The designed ANN for NLE operation in optical Fast-OFDM performs Riedmiller-resilient based back-propagation (RP) [24,25,26,27] for the purpose of updating the weights. The steepest descent algorithm is also used to find a global-data minimization [14]. In ANN numerical demonstration, a differentiable hyperbolic tangent function was employed for the hidden layer (which is only one to further reduce complexity) [26,27] and the linear function “purelin” for the output layer. In Figure 2b the MMSE is processed via the RP algorithm in order for ANN to find the weights that minimize the error in terms of the vectors S(n) FOFDM and S ^ ( n ) FOFDM:
E ( n ) F O F D M = S ( n ) F O F D M S ^ ( n ) F O F D M 2 ,
In the developed NLE using ANN the weights are updated according to the five steps presented in [14,26]. Figure 2a, illustrates the benchmark received IVSTF based NLE with identical procedure to [11], which is of deterministic nature since it can tackle deterministic linear and nonlinear crosstalk effects. IVSTF was used as a comparative NLE and it was implemented in time domain in contrast to ANN-NLE, which is processed in frequency domain after the DFCT block. It should be noted that the Volterra-based equalizer is of reduced complexity compared to the well-known full-step digital back propagation [11], using up to 3rd order kernels to account for up to 2nd order chromatic dispersion. The complexity, however, of IVSTF is much higher than ANN since it consists of multiple FFT & IFFT blocks for fiber dispersion and nonlinearity compensation, respectively.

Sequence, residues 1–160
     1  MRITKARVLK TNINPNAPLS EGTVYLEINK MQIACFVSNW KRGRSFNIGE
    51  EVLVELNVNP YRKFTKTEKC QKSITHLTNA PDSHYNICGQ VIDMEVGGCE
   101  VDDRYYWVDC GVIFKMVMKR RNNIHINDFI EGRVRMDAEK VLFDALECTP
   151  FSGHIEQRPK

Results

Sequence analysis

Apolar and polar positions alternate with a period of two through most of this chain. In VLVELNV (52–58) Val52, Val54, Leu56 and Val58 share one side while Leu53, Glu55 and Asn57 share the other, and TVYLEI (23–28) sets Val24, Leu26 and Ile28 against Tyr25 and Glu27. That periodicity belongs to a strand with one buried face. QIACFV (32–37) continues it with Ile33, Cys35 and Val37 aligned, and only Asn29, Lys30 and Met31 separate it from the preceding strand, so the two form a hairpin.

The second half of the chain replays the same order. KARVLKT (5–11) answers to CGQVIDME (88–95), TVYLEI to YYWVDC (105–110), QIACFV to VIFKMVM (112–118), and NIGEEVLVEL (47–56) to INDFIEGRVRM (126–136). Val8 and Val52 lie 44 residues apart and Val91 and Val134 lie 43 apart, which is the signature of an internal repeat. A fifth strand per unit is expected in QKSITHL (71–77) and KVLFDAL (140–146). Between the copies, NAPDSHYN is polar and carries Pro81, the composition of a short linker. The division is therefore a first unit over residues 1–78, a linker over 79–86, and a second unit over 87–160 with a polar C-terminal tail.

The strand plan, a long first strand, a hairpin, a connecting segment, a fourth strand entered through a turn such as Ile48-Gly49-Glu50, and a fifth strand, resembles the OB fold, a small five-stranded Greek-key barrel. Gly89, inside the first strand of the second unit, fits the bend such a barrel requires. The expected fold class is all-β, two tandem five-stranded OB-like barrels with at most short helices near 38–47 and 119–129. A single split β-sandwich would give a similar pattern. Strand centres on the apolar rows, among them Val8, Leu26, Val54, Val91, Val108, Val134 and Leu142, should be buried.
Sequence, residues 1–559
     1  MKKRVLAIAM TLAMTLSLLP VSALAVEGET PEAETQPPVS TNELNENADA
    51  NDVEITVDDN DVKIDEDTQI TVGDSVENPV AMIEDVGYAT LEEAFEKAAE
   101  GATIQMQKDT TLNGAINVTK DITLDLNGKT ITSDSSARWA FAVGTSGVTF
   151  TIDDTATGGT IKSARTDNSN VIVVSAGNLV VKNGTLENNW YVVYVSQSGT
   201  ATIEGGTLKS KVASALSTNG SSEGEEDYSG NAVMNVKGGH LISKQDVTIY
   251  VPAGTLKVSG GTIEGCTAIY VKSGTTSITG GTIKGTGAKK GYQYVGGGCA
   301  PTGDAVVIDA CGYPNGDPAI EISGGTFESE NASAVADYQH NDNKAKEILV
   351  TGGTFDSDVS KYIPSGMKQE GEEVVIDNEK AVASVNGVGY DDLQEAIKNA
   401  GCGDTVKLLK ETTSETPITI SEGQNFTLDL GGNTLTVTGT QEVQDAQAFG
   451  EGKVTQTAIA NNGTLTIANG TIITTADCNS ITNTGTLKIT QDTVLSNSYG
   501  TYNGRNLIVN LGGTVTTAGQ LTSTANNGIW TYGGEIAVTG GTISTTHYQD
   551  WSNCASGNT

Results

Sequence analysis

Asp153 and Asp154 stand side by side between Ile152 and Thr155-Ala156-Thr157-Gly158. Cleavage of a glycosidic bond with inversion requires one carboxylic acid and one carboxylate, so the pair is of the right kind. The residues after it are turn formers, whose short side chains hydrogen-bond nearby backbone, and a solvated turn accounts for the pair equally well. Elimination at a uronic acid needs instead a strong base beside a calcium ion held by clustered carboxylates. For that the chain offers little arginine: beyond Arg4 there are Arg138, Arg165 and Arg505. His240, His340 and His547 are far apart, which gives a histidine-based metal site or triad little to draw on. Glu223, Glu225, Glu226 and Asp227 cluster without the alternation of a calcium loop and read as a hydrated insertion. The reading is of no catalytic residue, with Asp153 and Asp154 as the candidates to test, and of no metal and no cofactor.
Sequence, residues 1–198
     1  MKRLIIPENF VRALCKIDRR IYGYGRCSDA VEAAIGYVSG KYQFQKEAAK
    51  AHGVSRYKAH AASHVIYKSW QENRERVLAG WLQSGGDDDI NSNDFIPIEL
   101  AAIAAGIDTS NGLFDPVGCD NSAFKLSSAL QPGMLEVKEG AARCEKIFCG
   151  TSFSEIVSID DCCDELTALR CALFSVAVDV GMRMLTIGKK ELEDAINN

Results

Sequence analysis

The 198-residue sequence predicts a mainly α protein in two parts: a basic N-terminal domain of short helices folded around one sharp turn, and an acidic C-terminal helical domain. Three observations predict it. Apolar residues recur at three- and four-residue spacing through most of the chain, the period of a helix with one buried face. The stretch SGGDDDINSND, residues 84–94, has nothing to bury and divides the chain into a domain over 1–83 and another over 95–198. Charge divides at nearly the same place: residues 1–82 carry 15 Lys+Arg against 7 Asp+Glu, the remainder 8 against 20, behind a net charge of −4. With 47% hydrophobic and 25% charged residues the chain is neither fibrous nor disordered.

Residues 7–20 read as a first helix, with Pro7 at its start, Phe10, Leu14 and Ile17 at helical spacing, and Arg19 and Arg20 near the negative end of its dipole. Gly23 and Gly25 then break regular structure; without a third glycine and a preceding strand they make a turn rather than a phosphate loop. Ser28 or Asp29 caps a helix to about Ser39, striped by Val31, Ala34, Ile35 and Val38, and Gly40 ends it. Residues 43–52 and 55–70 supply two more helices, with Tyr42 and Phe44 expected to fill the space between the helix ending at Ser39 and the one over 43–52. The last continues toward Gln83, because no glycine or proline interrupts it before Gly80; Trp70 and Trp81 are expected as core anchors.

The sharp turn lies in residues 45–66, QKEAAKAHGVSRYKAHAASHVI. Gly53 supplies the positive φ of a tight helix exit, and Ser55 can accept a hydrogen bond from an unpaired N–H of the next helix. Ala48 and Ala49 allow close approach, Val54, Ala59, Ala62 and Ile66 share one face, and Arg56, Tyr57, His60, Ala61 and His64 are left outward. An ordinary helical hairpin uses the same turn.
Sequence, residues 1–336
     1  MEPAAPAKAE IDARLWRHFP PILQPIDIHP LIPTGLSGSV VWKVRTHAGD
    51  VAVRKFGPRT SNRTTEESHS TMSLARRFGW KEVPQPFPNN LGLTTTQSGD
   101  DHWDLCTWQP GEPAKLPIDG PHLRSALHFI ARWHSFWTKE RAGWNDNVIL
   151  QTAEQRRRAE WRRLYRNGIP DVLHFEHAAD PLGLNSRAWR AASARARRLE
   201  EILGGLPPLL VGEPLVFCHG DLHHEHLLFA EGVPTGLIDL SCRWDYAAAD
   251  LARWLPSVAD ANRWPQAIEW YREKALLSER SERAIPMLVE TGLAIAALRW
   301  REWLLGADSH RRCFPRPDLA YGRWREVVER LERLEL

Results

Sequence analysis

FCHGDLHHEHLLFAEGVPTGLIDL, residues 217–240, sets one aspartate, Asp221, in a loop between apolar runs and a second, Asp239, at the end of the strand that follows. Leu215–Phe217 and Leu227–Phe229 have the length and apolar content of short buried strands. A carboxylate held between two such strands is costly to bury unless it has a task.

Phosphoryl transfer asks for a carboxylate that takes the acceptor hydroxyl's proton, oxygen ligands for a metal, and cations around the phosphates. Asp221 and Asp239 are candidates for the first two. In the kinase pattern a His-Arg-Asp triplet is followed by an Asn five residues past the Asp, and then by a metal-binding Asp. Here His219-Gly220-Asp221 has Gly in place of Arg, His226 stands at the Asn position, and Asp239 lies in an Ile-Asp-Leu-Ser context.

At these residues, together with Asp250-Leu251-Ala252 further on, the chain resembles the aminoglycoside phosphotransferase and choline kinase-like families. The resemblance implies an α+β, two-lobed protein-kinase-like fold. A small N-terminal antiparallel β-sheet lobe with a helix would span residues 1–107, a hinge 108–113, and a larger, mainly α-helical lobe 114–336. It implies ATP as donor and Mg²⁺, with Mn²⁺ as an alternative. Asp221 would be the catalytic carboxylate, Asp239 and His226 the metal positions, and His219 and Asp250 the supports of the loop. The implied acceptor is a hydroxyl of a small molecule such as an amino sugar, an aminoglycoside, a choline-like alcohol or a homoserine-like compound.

4. Direct-Detected Optical Fast-OFDM System Model Equipped with NLEs and Performance over SMF

The proposed direct-detected optical Fast-OFDM system equipped with either ANN or IVSTF was implemented in a hybrid MATLAB with VPI® simulation platform. Similar equalizers have been previously employed in [11,14], which validates the model used in this work. Moreover, the Fast-OFDM system was modulated using 4-, 8- and 16-ASK signal formats at a signal capacity of 9.69, 14.53 and 19.3 Gb/s, respectively, for both equalizers using 64 sub-carriers and 1000 Fast-OFDM symbols. The transmission-reach of the developed system was set at 640 km (8 spans with a fiber-link length of 80 km). The length of CP was set at 25% to ensure effective elimination of inter-symbol interference [28,29]. At the receiver-end of the simulation set-up a single low pass filter (LPF) unit was employed having 3 dB bandwidth of approximately 3 GHz. For optical amplification per span, Erbium-doped fiber amplifiers (EDFAs) were used having a realistic noise figure of 6 dB.
The sampling rate of the DAC at the transmitter and the ADC at the receiver was chosen at 6.25 GS/s, while the ratio of clipping and quantization bits were optimally set to 7 dB and 10, respectively, which has been reported as the optimum values for high level modulation formats in O-OFDM [6]. The optimum launched optical power for our system under test was found at −6 dBm. A single unit positive-intrinsic-negative (PIN) photo-detector with 0.9 A/W of responsivity was adopted at the receiver-side for direct-detection, while the SMF-transmission-link had the following parameters: 16.9 ps/nm/km fiber dispersion, 0.21 dB/km fiber loss, 0.07 ps/km/nm2 dispersion slope, 0.11 ps/km 0.5 polarization-mode-dispersion coefficient, 2.69 × 10-20 m2/W Kerr-induced nonlinearity coefficient, and 80 μm2 effective core area. The key simulation parameters for the developed ANN-based Fast-OFDM transmission model are depicted in Table 1.